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Animal fun: What do we know?

Sentience Topic: Behaviour, Emotions, Joy Guest: Marc Bekoff and Gordon Burghardt  Date: 18 May 2015  
Global Issue: Agriculture, Conservation, Veterinarian


Join us on the 18th May 2015 at 15:00 (BST) 10:00 (EDT)

The science of animal fun is increasingly being studied and observed across the animal kingdom, play is a common behaviour which can be considered to be an indicator of pleasure and fun. For example, rats have been observed to seek out tickling by humans, fish have been witnessed playing with objects and crocodiles have been seen playing with flowers and balls. Such play behaviour is an important part of development and can help young animals learn valuable life skills, but do animals also play just for fun?

If animals do play for fun, how important is this to them? It is becoming increasingly apparent that good animal welfare requires the promotion of positive emotional states, in light of this does more need to be done to promote fun in captive animals? And where do we draw the line in terms of which species can experience fun? During the discussion our panellists will discuss these questions, covering what is currently known about animal fun and play.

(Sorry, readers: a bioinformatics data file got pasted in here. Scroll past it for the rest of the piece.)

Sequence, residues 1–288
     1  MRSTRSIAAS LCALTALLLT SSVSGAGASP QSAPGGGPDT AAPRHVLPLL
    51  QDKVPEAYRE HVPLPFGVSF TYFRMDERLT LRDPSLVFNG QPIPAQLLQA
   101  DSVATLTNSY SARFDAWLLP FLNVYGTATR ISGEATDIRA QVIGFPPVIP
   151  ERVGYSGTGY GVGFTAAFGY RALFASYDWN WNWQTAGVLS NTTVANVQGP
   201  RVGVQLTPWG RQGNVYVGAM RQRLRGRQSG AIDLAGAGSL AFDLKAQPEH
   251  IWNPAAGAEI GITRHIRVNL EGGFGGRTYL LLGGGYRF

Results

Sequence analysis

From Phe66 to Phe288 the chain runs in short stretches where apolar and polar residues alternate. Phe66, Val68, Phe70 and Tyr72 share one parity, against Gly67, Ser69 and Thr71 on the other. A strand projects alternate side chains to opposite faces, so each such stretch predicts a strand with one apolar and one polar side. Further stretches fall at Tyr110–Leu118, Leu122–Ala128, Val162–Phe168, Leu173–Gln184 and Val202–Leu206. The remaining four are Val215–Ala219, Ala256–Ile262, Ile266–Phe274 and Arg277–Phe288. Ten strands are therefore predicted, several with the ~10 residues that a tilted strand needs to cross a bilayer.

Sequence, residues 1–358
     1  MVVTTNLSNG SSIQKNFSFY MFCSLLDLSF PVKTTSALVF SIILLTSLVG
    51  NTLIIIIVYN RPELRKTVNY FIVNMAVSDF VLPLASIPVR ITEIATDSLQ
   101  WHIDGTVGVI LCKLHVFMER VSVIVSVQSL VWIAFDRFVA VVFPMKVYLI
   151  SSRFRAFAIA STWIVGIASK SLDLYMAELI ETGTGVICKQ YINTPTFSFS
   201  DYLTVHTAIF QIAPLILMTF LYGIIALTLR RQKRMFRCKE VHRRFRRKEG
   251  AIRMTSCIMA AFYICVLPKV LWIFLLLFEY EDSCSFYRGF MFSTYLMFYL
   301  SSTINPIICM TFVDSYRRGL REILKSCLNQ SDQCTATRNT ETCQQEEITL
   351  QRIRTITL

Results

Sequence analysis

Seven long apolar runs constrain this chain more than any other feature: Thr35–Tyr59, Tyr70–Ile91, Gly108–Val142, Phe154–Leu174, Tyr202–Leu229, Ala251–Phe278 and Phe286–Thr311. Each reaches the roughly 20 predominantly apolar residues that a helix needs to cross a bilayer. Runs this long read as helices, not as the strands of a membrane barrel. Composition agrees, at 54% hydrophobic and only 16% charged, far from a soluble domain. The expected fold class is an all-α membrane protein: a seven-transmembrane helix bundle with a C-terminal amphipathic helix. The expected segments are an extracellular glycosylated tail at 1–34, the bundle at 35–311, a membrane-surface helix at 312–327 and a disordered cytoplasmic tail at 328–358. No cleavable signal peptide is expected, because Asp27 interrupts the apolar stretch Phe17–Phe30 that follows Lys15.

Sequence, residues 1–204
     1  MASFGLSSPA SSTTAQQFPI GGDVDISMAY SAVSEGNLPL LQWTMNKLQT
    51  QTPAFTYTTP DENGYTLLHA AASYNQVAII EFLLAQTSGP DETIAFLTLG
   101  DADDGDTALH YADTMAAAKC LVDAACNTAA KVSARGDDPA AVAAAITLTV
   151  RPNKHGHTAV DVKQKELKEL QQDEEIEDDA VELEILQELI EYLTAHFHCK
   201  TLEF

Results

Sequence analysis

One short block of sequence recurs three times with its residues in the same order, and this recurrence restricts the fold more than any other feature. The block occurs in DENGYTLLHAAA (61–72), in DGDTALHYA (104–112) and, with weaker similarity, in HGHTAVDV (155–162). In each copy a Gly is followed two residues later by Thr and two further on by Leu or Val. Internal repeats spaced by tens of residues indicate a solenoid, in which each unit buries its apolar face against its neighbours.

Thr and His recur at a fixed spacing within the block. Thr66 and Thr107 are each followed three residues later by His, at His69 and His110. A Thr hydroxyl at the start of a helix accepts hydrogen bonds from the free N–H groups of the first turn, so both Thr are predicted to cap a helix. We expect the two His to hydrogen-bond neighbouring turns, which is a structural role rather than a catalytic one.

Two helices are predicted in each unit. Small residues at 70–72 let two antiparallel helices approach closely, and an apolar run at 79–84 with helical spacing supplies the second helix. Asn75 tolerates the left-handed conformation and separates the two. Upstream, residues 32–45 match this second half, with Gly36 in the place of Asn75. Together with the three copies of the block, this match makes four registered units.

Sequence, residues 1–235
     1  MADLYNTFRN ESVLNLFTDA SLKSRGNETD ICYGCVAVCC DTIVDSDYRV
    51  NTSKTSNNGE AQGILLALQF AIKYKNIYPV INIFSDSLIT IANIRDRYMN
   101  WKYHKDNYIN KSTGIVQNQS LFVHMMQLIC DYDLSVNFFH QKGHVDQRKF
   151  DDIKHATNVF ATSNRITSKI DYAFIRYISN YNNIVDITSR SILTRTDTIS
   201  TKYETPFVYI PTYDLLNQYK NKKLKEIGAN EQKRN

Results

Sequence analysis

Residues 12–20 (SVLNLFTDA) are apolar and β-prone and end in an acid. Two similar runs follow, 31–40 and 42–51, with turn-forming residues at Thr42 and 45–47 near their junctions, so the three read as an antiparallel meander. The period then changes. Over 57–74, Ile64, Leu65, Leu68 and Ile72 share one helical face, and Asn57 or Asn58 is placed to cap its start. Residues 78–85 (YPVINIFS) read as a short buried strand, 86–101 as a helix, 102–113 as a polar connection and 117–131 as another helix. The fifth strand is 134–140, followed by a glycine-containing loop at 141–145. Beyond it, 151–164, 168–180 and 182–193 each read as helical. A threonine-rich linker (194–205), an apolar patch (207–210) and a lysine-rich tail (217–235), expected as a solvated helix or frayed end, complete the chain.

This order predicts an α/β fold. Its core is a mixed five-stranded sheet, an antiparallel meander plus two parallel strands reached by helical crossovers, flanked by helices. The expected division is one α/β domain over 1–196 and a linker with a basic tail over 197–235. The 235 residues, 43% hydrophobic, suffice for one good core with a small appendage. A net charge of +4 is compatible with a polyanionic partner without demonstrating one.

Professor Marc Bekoff, University of Colorado, and Professor Gordon Burghardt, University of Tennessee, will share their expertise and knowledge on this interesting topic.

Once the discussion starts please post your questions/comments below for Marc and Gordon to answer. Alternatively send your questions to sentience@worldanimalprotection.org in advance. Our panellists will answer your questions live on the web!



Did you know?

Play behaviour has been observed in many species of crocodilians. Dinets, V. (2015). Animal Behavior and Cognition.